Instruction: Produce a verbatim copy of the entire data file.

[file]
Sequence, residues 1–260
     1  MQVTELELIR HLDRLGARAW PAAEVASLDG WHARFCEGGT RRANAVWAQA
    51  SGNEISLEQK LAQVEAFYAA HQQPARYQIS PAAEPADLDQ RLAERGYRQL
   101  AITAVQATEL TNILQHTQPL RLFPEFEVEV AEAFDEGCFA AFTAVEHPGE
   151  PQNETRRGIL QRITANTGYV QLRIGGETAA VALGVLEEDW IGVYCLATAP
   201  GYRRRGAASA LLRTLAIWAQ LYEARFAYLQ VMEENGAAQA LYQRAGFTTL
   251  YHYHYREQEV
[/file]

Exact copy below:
Sequence, residues 1–260
     1  MQVTELELIR HLDRLGARAW PAAEVASLDG WHARFCEGGT RRANAVWAQA
    51  SGNEISLEQK LAQVEAFYAA HQQPARYQIS PAAEPADLDQ RLAERGYRQL
   101  AITAVQATEL TNILQHTQPL RLFPEFEVEV AEAFDEGCFA AFTAVEHPGE
   151  PQNETRRGIL QRITANTGYV QLRIGGETAA VALGVLEEDW IGVYCLATAP
   201  GYRRRGAASA LLRTLAIWAQ LYEARFAYLQ VMEENGAAQA LYQRAGFTTL
   251  YHYHYREQEV